Monday, October 12, 2015

1316: Mundinus publishes book of anatomy

Figure 1 -- Title page of Mundinus:
 "Anathomia," Leipzig, 1493
(1, page 151)
So we know that the School of Salerno was a great medical institution from the 10th to 13th centuries, and physicians from all over the world flocked there to get the best medical instruction.  Yet most historians will acknowledge that while it was a great learning place, there were few medical advancements made there. 

One of the great exceptions occurred in 1316 when Mundino de'Luzzi, or Mundinus of Bologna (1270-1326), who wrote a book called "Anathomia," which translates to "Dissection."  Still, while he wrote it while teaching at Salerno, it was first published until 1487 at Padua, and 1493 at Leipzig by Martin Pollich-von Mellerstadt. (see figure 1) (1, page 150-151)

Mundino was professor of medicine and anatomy at the University of Bologna, and he was one of the few physicians "to turn his eyes from the pages of Galen to the book of nature, and to learn for himself, by actual dissection of the human body, how this body was constituted." (5, page 199)

It was, therefore, from his own observations that he compiled his book.  (4, page 199)

The book was basically an account of how to perform an autopsy beginning with the abdominal cavity, which contains the perishable viscera, and then moving to the chest, where he provides a description of the heart, and to the skull where he describes opening it.  (4, page 376) (1, page 150-151)

However, because of the dogmatic nature of the Church, he was not able to sway far from the teachings of Galen, said D. Kerfoot Shute in 1910.  "The all-powerful Church still taught the sacredness and the inviolability of the human corpse and was alert and ready to punish as a sacrilege the use of the anatomist's scalpel; and what Mundinus did was done in the face of this powerful opposition." (5, page 199)

Perhaps this is why Garrison said:
In intention, this work was really a little horn-book of dissecting, rather than a formal treaties on gross anatomy.  (1, page 150)
He said the book was full of...
...Galanic errors in regard to the structure of the human frame, preserving the old fictive anatomy of the Arabists, with the Arabic terms, this book was yet the sole textbook on anatomy for over a hundred years in all the Medieval schools." (1)
The book would be the "universal textbook" of anatomical dissection for the next 200 years at all medieval schools, passing through "39 separate editions and translations." (4, page 376) (1, page 151)

His work was continued by his pupil Niccolo' Bertuccio (died 1347), said Garrison.  He said:  "After this time, dissecting gained a firmer foothold as a mode of instruction." (1, page 151)

However, Shute said that, perhaps due to the opposition of the Church, "Mundinus had no disciples carry on his work.  All that remained of him was his very inadequate book which was used in schools merely as an introduction or help to Galen.  At best he became little more than a later and smaller Galen." (5, page 199)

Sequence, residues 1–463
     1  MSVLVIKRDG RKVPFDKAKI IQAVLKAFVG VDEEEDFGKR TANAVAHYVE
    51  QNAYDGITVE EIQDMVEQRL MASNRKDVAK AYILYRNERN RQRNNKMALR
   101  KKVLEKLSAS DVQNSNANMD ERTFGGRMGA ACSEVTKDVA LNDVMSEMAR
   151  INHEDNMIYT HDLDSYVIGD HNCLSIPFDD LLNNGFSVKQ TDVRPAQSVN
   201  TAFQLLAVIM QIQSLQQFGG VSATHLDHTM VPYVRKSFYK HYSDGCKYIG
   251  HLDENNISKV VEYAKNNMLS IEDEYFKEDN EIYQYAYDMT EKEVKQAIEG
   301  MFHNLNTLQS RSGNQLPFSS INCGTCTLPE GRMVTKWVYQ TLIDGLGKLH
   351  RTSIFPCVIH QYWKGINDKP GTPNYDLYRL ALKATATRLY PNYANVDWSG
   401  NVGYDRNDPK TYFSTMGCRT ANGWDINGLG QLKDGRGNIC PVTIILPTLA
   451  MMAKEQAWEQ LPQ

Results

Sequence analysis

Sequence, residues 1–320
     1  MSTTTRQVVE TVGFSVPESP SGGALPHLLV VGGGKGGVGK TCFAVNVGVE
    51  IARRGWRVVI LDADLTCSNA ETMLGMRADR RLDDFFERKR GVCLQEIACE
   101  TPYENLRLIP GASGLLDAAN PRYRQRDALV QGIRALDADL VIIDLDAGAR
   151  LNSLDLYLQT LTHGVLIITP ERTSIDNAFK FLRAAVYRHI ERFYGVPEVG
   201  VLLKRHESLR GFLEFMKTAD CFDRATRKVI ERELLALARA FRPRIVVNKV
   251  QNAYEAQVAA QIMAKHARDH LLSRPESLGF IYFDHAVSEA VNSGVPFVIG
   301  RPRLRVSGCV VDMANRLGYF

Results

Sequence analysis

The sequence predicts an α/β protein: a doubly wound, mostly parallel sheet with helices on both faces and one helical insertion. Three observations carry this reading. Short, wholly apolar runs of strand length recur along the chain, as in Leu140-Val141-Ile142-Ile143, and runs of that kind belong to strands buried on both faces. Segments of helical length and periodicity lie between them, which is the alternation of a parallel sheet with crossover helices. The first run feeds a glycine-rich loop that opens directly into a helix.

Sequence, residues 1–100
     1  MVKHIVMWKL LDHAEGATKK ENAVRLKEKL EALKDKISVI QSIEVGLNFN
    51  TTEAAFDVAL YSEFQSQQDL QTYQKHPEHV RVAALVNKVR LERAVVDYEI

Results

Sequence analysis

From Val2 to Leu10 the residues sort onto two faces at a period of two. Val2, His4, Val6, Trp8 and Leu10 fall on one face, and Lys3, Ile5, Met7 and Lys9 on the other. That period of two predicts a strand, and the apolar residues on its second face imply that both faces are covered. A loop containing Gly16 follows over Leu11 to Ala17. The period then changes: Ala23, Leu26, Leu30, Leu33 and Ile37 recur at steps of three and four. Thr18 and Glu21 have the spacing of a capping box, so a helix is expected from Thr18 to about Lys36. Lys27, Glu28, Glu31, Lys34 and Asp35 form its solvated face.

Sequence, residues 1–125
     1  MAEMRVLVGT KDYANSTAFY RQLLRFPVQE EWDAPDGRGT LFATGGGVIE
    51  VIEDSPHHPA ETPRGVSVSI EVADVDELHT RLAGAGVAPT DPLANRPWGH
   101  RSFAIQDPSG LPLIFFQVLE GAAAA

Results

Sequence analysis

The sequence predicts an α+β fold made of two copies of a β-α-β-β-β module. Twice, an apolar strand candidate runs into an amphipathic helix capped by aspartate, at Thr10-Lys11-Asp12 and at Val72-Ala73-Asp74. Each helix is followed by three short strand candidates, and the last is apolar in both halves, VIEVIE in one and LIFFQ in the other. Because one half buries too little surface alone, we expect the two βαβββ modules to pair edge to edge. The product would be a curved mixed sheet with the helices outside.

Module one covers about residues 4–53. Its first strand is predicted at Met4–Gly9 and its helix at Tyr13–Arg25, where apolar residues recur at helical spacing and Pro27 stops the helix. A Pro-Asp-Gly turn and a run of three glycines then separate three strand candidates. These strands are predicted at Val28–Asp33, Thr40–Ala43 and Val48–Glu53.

While there were little or no advancements in medicine as a result of his book, it helped to preserve medicine during the dark ages of medicine.  It would be over 200 years after Mundinus (at the beginning of the 16th century) that the Church would finally start to lose its grip and influence over medcine.   (5, page 199)

Jacobus Berengarius da Capri, who lived from 1460-1530, was an Italian physician who continued the work of Mundinus.  Shute said:
But he had his struggles with the church. He was driven to desert Bologno, where he had long been a teacher, and to live in exile in Ferrara.
Yet this was a time when the Church learned to appreciate anatomy, although trough paintings more so than medicine.  Shute said
In the sixteenth century the ruling powers of the church not only sanctioned but even favored the pursuit of that branch of anatomy which is indispensable to sculpture and painters. In 1525 Albert Durer published a work illustrating the symmetry of the body—but as an artist and not anatomist. Under the protection of the Popes, Julius II and Leo X, Leonardo da Vinci, Michael Angelo, and Raphael copied from nature the superficial muscles. (5, page 199)
This was the state medicine was in when two of the most significant figures in our medical history were born: Jacobus Sylvius and Andreas Vessalius.

  1. Garrison, Fielding Hudson, "An introduction to the history of medicine," 1922, Philadelphia, W.B. Saunders Company
  2. The John Hopkins Hospital bulleton," (volume XV 1904), "from the epoch of the Alexandria School (300 B.C.)"
  3. "The Ancient Medical School of Salerno,",, accessed 12/4/12
  4. Frampton, Michael, "Embodiments of Will: Anatomical and Physiological Theories of Voluntary Animal Motion from Greek Antiquity to the Latin Middle Ages, 400 B.C. - A.D. 1300," 2009, Berlin, VDG Verlag
  5. Shute, D. Kerfoot, "The life and works of ndreas Vesalius," Old dominion journal of medicine and surgery, Tomkin, Beverly R. Tucker, Douglas Vanderhoof, Murat Willis, R.H. Wright, editors, 1910, Richmond Virginia, The Old Dominion Publishing Corporation, pages 195-211
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